Couldn’t agree more.  That’s why we need to explore and research through networks, with networked learning.  May I share my understanding and interpretation on how this could be achieved through “Connectivism”?  I have used the learning metaphor of understanding of an elephant to interpret the application of learning theories –

What we should avoid is believing in single source “expert views” or media without examining the assumptions and background “historical perspectives”.  It is right that professors and experts, and even textbooks may help us in understanding and applying prescriptive knowledge, based on scaffolding and the various learning theories – behaviorism, cognitivism, and constructivism.

The challenge is: we are living in a rapidly changing world that often, our knowledge are based on the “facts” and information provided by the media, various “information sources” that are often cited by the “experts”, or authorities, or the education providers, who might have disclosed those parts which are useful for promotion, marketing (the positive part of education and learning).  How about the reality?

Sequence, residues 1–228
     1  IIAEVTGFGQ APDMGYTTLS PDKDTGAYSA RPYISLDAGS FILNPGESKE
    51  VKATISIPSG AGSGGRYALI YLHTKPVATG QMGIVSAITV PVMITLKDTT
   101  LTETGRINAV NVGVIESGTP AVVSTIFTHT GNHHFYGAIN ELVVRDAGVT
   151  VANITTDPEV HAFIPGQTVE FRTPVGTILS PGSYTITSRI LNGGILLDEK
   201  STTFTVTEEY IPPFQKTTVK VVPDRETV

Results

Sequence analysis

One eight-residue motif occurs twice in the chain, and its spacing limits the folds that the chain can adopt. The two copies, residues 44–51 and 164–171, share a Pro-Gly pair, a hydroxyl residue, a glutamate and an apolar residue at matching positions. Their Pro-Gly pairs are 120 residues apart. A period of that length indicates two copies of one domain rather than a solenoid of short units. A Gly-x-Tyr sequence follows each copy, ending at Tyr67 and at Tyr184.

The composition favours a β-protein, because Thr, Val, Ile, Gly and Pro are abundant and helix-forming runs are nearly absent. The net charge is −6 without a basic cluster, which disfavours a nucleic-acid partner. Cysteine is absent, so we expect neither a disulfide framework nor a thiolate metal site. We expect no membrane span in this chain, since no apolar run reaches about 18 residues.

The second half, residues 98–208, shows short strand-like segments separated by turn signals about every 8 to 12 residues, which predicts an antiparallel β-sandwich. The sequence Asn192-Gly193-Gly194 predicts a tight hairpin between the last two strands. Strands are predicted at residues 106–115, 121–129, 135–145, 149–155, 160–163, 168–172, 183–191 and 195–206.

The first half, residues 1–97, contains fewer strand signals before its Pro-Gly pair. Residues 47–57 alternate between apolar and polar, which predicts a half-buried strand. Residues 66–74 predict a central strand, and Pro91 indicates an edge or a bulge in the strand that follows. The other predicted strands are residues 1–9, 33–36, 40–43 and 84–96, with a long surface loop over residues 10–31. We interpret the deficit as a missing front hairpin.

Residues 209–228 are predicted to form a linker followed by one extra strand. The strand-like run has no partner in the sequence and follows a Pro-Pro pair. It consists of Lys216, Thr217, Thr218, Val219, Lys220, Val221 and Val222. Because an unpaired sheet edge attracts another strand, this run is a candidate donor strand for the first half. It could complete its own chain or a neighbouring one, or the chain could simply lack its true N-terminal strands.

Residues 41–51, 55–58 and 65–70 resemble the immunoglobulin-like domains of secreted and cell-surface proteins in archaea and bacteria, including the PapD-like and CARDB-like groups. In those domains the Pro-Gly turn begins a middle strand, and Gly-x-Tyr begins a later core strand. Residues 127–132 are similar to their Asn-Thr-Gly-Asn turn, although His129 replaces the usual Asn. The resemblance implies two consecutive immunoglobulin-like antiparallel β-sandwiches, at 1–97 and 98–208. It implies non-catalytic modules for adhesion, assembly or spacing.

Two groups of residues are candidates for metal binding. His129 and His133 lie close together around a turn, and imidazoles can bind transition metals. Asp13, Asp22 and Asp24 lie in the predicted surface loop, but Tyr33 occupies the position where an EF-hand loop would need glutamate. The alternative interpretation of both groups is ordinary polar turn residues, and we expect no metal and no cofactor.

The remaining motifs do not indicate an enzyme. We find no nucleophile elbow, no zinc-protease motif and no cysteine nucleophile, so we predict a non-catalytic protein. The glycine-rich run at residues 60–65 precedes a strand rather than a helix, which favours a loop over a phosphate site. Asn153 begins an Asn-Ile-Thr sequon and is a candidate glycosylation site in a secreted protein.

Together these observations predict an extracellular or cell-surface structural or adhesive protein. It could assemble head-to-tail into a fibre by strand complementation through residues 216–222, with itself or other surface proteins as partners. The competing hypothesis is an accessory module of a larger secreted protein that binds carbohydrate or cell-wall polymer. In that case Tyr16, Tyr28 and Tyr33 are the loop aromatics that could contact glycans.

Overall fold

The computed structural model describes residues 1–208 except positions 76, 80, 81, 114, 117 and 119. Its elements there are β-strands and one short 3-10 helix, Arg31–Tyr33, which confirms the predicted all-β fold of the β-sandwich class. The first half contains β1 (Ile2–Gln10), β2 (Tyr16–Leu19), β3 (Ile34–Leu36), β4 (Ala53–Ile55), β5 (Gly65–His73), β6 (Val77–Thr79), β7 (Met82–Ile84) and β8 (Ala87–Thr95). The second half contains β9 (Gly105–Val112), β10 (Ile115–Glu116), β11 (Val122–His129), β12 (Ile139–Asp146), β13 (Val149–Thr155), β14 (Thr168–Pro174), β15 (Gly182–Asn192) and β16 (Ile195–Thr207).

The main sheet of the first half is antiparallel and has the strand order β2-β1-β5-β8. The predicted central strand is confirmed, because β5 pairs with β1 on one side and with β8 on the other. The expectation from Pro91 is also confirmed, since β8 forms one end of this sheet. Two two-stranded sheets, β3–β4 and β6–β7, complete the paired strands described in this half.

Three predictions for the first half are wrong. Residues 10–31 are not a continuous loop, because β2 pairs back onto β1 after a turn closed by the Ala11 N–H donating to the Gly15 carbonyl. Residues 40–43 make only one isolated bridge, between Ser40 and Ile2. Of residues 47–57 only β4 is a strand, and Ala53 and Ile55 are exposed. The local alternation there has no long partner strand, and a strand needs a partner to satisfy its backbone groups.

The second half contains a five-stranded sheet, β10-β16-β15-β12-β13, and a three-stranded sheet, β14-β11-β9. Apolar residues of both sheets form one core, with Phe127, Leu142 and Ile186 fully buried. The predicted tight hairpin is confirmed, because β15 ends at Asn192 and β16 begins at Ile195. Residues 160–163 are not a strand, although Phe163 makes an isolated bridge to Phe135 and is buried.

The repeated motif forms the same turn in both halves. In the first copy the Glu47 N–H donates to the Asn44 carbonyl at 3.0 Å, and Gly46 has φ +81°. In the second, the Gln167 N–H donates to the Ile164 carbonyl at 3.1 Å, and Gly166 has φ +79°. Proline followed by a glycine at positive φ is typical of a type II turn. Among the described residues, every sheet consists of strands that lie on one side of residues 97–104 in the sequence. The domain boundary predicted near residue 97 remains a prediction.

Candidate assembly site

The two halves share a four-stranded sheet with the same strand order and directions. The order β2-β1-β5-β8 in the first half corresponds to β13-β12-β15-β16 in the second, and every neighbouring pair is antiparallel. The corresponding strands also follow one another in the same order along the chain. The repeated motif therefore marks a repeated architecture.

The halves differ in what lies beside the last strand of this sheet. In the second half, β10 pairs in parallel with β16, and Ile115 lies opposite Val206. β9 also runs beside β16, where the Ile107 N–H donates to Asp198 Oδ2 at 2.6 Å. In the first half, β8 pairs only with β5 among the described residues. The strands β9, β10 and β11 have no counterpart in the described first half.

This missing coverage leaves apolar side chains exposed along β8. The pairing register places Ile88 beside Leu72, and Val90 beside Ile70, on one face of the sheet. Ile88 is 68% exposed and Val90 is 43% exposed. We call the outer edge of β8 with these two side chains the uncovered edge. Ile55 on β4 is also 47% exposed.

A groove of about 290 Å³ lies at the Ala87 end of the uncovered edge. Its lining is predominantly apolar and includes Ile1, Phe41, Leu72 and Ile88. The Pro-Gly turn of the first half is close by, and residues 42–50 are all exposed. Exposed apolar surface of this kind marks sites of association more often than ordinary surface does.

The whole MOOC story unfolded reveals exactly how all “history” could be written, to certain parties’ merits.  As I have shared, I am more than convinced on the fuzzy and complexity nature of MOOCs, that many of the “articles” are mainly opinion papers, where some of the sources of the information need to be re-examined and inquired.

I have been working on such researches on MOOCs since 2008, with 2 intensive research surveys completed, together with other interview surveys.  I worked with other researchers in disclosing those findings, based on research, not just personal opinions.  I don’t claim I have got all of the relevant evidences in support of a new learning theory.

However, I do see such learning has been emerging from the participants of MOOCs (both x and c MOOCs) in various ways, based on various social media/PLE/N tools. There are many others who might not have used the tools extensively.

So, truth be told, on the historical background of MOOCs, and that we should all continue to critically examine and inquire about what has occurred in the MOOCs movement, through our lens and research, and not on the “text book” approach, where people told us the opinions, instead of facts.